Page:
Here’s the thing. Some people say dairy cause acne. Most people eat dairy products of some kind, and there are vegans who experience acne. Well, as we’ve seen, the science clearly shows a link between inflammation, caused by casein and other properties of dairy foods, and acne. There are also many claims out there from people who say cutting dairy helped their acne.
One can conclude, then, that while the statement “dairy causes acne” may not be, in itself, completely true, dairy products like cheese and whole milk could be your problem if you suffer acne. Dairy could possibly cause cystic acne, as well. This might be true if you know you can rule out soap, sunscreen or makeups that could be the culprit.
But we want you to be as acne-free as possible. It’s easy to think dairy causes acne if you have acne and you like dairy. But while you may indeed be experiencing some inflammation from eating dairy, that could be only one of your problems. Cutting out dairy might be like cutting down on hamburgers to lose weight, while still eating ice cream and pie. If you want to fight acne effectively, you have to look at the various factors and causes.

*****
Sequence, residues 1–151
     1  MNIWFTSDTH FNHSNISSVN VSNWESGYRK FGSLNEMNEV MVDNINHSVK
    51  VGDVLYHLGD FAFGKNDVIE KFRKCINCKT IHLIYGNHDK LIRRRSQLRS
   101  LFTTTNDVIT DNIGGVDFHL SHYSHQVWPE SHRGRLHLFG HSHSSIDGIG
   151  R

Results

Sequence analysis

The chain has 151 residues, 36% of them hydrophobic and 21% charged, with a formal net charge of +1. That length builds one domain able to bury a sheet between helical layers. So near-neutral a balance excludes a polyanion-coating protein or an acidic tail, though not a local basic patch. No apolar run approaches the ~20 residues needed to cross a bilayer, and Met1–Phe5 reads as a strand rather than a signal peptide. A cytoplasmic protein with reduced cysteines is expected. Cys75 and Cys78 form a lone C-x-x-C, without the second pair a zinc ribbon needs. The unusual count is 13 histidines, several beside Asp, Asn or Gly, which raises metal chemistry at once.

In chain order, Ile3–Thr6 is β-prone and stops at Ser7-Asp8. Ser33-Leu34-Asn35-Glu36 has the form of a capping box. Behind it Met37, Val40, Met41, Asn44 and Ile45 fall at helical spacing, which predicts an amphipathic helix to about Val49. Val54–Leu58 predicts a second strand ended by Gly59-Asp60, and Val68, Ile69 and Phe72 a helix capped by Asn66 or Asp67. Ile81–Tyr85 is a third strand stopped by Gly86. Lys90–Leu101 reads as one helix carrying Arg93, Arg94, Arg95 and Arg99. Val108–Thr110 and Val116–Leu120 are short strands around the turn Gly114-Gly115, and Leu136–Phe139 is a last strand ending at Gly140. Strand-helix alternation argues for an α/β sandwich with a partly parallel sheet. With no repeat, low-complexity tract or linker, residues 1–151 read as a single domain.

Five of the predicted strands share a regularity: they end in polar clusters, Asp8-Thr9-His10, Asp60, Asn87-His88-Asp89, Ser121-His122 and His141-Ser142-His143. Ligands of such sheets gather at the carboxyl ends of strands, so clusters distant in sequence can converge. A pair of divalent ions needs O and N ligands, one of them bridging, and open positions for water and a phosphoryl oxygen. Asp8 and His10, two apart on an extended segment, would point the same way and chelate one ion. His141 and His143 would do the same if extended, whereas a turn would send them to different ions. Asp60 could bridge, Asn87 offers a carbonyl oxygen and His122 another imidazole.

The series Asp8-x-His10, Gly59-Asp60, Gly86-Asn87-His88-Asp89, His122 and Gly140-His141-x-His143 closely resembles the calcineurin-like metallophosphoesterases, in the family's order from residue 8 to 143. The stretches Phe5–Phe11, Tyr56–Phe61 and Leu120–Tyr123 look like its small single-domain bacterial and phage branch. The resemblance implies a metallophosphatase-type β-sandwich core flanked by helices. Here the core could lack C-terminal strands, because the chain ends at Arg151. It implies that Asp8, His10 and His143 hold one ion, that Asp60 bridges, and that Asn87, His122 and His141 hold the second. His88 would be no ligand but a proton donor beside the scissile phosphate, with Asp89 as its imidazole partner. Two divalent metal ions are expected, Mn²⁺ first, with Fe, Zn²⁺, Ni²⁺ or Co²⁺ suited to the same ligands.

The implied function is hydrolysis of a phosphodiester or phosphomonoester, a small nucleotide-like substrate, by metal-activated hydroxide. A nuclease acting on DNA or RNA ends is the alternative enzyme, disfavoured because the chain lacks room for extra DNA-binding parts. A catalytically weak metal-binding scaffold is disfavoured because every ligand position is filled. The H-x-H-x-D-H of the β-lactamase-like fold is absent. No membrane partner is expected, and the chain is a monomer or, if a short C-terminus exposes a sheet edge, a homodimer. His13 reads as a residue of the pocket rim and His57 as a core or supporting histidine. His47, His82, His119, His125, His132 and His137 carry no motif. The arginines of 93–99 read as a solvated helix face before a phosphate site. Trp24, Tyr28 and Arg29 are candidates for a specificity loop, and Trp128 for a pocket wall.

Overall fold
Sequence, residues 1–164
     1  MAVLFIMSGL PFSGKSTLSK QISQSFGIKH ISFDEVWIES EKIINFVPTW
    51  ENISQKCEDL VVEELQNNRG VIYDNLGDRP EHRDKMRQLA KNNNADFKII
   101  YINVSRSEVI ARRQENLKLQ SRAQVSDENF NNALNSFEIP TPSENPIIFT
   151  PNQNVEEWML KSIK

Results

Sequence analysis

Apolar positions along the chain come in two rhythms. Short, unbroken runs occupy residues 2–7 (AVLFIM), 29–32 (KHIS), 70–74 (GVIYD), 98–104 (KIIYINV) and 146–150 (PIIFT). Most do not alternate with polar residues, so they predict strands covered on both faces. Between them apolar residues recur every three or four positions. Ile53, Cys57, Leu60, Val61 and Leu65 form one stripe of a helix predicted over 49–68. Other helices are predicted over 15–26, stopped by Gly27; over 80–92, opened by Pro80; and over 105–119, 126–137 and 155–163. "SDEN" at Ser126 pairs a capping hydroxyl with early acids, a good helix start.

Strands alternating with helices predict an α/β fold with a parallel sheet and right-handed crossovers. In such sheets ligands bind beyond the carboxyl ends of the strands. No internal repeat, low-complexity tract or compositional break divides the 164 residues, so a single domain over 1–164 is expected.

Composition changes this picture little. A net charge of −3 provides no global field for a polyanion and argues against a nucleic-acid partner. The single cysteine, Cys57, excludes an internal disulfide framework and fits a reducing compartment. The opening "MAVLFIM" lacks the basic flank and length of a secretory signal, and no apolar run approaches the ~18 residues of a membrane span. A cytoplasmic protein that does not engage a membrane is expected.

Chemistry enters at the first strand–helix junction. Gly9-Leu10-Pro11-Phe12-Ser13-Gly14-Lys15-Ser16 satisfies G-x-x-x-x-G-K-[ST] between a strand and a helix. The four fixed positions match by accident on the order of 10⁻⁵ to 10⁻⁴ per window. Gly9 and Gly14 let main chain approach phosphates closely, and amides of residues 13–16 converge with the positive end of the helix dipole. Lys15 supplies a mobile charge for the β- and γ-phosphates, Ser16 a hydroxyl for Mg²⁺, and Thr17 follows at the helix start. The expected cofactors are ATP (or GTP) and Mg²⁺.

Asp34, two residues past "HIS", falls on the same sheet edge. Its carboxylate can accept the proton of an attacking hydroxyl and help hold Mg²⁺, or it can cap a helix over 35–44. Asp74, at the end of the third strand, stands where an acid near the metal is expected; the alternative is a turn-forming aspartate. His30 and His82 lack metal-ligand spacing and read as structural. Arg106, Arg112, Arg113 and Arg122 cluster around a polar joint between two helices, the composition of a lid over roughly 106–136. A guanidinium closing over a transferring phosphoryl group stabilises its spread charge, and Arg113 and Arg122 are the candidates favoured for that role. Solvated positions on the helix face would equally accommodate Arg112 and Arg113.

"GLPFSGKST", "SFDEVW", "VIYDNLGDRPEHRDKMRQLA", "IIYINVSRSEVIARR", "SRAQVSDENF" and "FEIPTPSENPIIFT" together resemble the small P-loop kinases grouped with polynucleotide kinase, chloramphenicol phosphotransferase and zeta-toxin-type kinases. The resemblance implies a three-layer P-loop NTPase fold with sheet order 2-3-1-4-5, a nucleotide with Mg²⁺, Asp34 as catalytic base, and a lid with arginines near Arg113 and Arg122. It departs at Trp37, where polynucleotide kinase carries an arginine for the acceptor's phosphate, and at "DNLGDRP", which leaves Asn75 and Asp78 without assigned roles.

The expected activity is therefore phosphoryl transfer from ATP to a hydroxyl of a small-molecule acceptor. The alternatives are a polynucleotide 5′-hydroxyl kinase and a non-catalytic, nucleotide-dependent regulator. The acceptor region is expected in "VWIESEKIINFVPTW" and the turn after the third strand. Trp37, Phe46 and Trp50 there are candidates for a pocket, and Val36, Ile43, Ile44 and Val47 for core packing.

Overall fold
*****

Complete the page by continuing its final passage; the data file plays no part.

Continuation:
Dry Skin Causes Acne and Doesn’t Come from a Cow
One of the things to think about is possible causes of acne that may be more severe than dairy, particularly if your dairy intake is moderate. However, it’s important to have the facts rather than to give in to misconceptions.
It stands to reason that oily skin is the birthing place for acne. There’s a way in which that’s true. But the root cause (not dairy) of acne can actually be dry skin. Here’s the reason. When your skin is dry it causes your body to respond, trying to attack the dryness. It produces too much sebum—essentially, oil—and that is what causes acne.
In other words, if you think dairy causes acne, be sure that before you go vegan, you be sure you’re not drying your skin. Women may be in particular danger in this regard. With all the products that women put on their skin, from toners to primers to concealers, they very well may be drying their skin. However, this is true only for people who use the wrong kinds of these cosmetics. In fact, there are cosmetics of all kinds that are made for people with acne-prone skin.
Treating Dry Skin—Without Dieting